Sounds silly I know, but Europeans believed it (and some still do today). They brought these beliefs with them to America. This is the reason whites didn't want anything whatsoever to do with blacks because in their superior way of thinking it would be a step backward to intermingle and share America with people of African descent whom they considered beast like.
Europeans were much smarter and more advanced than Africans. Africans were a tribal people lost in time practicing all sorts of superstitious traditions. Leaders didn't teach their citizens to read or write, and much of African history was lost forever because of this failure. Africans would pass their culture down to the next generation orally.
When Africans finally collided with the Europeans through the slave trade, they were shocked at the degree of hate these people had against them. Europeans loved science because it excused them from a moral conscience they had been burdened with in their practice of religion. So when they raped, pillaged, and murdered they did so in the name of science or white superiority which made it perfectly O.K. with their hearts.
After the Africans made it to America and were forced to work as slaves, it took many years until white people began to feel they were wrong about the mistreatment of blacks and started movements to free them. After slavery was finally abolished in 1863, another form of hate and discrimination would appear on the scene named Jim Crow.
After Abraham Lincoln had died, every single U.S. President up unto Lyndon Baines Johnson would ignore the Declaration of Independence principle that "All men are created equal" and violated the law of the land by disobeying our U.S. Constitution that guaranteed Negroes first class citizenship with Jim Crow laws. They just refused to accept blacks as equals. Throughout history this was referred to as the "Negro Problem"
It would remain this way until the 1960s Civil Rights movement.
Some of the early Americans who penned the Declaration of Independence and U.S. Constitution which was essentially a moral roadmap for all Americans to live by were honest to true goodness Americans who understood the vision for the United States.
But on the other hand, this true vision of America was too lofty for most whites to follow. They sought only to take from our country for their selfish gains. They considered themselves privileged ones.
But not all were anti-American.
Great men such as Wiliam Whipple who was a signer of the Declaration of Independence was a true American.
During the Revolutionary War period Whipple wrote as follows to Josiah Bartlett, “The last accounts from South Carolina were favorable. A recommendation is gone thither for raising some regiments of blacks. This, I suppose, will lay a foundation for the emancipation of those wretches in that country. I hope it will be the means of dispensing the blessings of Freedom to all the human race in America.” William Whipple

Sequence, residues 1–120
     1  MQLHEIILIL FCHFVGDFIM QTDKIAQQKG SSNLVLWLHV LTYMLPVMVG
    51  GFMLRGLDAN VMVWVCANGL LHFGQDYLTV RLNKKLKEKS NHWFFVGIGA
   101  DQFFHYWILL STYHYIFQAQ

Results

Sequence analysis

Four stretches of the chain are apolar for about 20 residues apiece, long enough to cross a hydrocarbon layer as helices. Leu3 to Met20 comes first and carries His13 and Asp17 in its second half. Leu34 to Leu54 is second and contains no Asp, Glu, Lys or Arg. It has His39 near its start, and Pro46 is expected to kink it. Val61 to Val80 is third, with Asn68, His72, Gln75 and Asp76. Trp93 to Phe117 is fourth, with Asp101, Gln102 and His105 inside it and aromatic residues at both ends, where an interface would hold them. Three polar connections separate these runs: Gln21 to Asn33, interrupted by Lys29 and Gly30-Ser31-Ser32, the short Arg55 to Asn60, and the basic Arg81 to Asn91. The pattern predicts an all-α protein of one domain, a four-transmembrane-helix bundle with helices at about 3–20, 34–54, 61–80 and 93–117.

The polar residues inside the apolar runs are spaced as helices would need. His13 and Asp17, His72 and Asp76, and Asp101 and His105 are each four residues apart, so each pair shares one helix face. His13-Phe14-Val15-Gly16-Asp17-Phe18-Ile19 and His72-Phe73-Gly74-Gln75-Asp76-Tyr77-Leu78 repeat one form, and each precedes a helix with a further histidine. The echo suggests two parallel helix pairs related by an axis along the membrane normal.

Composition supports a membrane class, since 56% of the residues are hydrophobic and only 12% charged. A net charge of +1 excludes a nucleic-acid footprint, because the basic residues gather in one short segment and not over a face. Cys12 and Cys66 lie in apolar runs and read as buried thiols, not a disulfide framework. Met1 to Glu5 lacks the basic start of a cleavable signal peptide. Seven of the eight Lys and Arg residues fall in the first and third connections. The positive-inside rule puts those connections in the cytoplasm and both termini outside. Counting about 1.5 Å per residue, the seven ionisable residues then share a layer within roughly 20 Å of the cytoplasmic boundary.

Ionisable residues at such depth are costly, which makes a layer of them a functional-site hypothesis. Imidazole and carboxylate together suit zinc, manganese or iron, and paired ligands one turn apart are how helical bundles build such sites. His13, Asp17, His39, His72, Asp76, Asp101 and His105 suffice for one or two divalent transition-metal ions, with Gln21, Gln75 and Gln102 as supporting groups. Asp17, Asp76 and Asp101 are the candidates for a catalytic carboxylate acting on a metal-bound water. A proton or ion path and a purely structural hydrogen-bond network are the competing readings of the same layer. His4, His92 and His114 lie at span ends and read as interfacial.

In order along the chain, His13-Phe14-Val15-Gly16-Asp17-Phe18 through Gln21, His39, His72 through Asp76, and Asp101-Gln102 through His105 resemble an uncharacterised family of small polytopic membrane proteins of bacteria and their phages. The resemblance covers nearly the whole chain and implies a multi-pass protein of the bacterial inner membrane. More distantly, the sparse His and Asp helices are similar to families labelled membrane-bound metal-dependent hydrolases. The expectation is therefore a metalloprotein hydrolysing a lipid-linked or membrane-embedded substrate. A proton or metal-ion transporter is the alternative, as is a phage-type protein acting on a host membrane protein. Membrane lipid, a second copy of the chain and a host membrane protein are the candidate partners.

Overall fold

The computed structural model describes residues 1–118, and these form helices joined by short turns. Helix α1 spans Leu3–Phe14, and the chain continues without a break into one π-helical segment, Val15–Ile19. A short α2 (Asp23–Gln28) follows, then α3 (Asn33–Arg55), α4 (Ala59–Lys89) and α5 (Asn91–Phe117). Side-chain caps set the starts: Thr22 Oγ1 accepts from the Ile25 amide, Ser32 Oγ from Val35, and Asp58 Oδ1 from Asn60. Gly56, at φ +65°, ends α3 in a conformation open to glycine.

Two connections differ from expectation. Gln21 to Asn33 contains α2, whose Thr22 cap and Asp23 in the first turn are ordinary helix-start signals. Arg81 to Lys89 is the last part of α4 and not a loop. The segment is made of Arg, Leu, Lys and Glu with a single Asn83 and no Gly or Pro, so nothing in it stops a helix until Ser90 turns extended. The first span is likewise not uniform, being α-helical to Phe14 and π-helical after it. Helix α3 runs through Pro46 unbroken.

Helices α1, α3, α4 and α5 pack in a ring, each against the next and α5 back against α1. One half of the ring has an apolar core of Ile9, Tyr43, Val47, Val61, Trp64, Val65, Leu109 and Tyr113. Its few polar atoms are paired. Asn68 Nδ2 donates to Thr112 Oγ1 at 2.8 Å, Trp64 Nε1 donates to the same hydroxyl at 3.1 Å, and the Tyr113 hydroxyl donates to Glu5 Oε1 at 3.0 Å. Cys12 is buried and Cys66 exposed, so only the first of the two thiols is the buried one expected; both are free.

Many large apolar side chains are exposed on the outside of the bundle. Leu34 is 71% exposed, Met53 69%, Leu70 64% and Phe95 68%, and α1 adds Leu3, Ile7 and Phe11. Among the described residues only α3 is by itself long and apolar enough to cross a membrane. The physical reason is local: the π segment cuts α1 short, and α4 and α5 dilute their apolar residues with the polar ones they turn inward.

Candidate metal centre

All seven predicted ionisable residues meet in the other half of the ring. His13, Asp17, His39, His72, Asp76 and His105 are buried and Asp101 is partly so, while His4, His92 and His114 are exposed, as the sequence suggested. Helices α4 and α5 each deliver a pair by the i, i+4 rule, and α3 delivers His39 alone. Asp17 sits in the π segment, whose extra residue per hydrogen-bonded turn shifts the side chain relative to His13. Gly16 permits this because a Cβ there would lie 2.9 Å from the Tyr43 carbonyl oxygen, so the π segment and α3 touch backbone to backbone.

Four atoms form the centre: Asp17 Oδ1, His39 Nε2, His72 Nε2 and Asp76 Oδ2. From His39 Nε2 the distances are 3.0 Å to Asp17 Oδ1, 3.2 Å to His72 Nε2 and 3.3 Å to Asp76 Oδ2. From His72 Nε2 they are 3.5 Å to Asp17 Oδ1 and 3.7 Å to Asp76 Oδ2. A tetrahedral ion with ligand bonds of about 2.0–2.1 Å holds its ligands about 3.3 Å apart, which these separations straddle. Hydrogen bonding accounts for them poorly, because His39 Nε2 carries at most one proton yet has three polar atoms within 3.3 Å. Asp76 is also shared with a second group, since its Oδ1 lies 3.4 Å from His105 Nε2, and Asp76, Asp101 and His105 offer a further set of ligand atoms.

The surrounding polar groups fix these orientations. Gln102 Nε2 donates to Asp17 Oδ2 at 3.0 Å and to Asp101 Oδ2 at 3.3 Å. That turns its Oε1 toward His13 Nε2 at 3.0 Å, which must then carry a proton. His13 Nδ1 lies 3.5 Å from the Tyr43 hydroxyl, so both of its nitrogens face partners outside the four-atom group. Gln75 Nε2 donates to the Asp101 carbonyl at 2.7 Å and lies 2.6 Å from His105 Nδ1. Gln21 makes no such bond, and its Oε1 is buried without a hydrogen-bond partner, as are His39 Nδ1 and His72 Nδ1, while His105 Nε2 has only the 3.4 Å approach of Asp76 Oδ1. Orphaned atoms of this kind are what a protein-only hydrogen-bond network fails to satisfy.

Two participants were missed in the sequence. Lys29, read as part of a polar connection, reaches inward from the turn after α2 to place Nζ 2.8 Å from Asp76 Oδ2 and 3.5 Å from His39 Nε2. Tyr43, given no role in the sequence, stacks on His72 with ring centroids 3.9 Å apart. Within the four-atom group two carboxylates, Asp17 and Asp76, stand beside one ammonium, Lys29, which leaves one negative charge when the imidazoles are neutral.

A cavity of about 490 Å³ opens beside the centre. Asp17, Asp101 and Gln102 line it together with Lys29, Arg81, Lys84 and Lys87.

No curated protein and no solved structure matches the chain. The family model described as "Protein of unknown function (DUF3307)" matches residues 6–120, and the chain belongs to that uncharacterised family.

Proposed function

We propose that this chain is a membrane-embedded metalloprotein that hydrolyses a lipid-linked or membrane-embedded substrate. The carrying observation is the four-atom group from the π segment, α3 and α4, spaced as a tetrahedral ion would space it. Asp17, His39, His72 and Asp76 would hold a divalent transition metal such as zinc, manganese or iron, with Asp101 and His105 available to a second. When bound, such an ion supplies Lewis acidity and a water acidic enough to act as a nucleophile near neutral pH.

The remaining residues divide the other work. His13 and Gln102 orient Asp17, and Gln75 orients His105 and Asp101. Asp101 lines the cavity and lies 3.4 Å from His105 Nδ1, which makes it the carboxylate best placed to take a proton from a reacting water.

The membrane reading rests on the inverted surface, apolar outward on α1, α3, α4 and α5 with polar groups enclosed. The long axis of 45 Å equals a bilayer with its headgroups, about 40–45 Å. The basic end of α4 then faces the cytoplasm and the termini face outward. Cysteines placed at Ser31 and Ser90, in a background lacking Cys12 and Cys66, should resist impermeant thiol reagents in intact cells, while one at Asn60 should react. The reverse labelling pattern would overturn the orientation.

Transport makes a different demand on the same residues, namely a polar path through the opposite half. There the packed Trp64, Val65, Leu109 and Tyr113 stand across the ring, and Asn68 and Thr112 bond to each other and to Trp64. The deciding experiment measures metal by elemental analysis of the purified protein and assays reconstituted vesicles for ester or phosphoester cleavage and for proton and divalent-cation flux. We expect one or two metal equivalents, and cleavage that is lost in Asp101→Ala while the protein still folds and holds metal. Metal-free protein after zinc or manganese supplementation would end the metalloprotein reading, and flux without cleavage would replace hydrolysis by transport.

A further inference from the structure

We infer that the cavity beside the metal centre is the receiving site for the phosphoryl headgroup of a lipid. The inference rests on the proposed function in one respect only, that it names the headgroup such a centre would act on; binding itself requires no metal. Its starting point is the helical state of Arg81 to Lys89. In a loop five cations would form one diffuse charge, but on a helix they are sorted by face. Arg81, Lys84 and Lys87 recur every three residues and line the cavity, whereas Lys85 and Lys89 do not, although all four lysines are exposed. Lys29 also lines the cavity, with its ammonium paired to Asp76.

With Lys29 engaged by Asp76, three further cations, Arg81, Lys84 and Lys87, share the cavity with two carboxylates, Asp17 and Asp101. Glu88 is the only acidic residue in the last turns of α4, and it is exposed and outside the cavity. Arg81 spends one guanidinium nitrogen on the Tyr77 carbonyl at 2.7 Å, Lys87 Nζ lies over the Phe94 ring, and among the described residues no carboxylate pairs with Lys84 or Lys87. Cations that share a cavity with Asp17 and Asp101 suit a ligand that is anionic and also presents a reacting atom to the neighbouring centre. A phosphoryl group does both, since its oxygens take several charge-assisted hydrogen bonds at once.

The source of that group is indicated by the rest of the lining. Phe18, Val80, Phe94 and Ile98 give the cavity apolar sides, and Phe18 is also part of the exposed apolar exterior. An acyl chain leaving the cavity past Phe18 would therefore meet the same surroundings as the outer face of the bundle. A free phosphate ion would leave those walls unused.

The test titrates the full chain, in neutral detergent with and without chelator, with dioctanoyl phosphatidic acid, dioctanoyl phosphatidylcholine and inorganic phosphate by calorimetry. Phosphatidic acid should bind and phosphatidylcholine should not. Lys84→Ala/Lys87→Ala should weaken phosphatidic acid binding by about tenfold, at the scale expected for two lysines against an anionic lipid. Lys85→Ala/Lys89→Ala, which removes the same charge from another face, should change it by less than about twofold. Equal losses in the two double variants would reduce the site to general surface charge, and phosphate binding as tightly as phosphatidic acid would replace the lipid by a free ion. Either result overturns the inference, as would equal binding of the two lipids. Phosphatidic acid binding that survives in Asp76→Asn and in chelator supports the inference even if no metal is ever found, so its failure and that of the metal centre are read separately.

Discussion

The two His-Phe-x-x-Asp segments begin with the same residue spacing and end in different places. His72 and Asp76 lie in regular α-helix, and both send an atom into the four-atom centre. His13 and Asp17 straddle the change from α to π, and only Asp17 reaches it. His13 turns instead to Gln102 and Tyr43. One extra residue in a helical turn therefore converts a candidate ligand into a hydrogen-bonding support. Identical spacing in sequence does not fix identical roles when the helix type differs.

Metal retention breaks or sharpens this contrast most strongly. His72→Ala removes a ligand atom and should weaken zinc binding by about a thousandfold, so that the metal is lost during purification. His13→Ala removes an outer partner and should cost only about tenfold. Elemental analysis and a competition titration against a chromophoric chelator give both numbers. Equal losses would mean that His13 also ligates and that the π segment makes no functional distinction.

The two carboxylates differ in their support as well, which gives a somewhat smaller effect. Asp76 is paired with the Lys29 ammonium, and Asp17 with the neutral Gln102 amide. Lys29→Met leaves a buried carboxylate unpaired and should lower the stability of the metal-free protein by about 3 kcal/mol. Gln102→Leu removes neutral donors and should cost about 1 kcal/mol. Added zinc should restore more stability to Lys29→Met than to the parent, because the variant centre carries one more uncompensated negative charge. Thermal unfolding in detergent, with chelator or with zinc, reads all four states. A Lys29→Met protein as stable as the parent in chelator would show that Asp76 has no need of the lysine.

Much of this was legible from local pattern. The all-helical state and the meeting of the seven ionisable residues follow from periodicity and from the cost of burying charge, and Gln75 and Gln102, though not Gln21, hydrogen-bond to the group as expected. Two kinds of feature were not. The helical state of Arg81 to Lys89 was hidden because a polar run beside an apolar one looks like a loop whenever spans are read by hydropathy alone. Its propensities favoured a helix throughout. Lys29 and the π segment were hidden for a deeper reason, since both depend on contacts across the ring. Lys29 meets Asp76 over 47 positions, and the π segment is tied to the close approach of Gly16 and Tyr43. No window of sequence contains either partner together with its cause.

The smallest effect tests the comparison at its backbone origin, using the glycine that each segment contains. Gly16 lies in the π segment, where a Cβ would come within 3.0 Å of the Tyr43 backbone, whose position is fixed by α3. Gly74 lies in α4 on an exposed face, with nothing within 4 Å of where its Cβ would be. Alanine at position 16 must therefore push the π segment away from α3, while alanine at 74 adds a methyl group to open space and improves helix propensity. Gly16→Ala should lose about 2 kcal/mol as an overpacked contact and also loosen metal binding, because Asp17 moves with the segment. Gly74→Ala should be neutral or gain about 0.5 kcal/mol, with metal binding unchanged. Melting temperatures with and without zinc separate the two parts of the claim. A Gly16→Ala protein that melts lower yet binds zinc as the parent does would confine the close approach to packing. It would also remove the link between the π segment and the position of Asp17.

Even though these true Americans like William Whipple didn't particularly like blacks, they were special people because they put their personal feelings on the back burner and American ideals and principles first. William Whipple could not sign the Declaration of Independence and own slaves at the same time, so what did he do? He set his slave free. Many other true early Americans did the same thing.
William Whipple, a signer of the United States Declaration of Independence and a true American photo#105-yr-2015
But most American leaders chose to ignore American ideals and principles for their advantage and held on to their slaves, and after slavery was outlawed created illegal laws that made a joke of the U.S. Constitution, and trashed the Declaration of Independence which was anything but being true American and this is the way it remained until the 1960s Civil Rights movement.
Not much has changed. We still have a strong racist element in America and will continue to do so until this dark period in America's history is talked about and hashed out between the races. Many white Americans will probably never change their negative view of blacks which was initiated by erring scientist years ago and continue to pass their hate down from generation to generation.
So what does this have to do with American standards?
America in its infancy was slowly creating a standard that would become admired over the world. Although quickly fading from practice in our day the American standard consisted of honesty in business dealings, promoting fairness, practicing proper relationships, justice, civility, right dress, speech, eating, and anything positive that enriched the community as a whole. Yes, even racist anti-Americans understood and lived by these standards when it didn't conflict with their hate.
Now here's the problem.
With blacks finally attaining enforcement of their civil rights in the 1960s, many didn't quite know which standard to live. Many wondered to themselves, "Should we live under the American standard where many were unkind to us and made us feel unwelcome or continue living under the old Negro standard that was adopted during and after slavery?"
In the following movie, great black filmmaker Oscar Micheaux created a film entitled "Birthright" which was about a well spoken black man named (Peter) who left his Southern roots to go to Harvard and obtain his education. He returned to the south with the hopes of opening up schools to teach the young black kids. He met a beautiful woman (Sissy), and both shared a mutual love interest, and while at a house he was living they had a conversation where she mentioned that since he had an education, he now lived under a different code or (standard) than the other black people in the Southern town. Sissy tells him that since he changed his code (standard) and returned to judge the residents, it wasn't fair. Blacks in the city still lived by the old Negro code or standard. This movie can be found in its entirety on Netflix under (Pioneers of African-American Cinema) There are still many blacks today who live by this old Negro code or standard.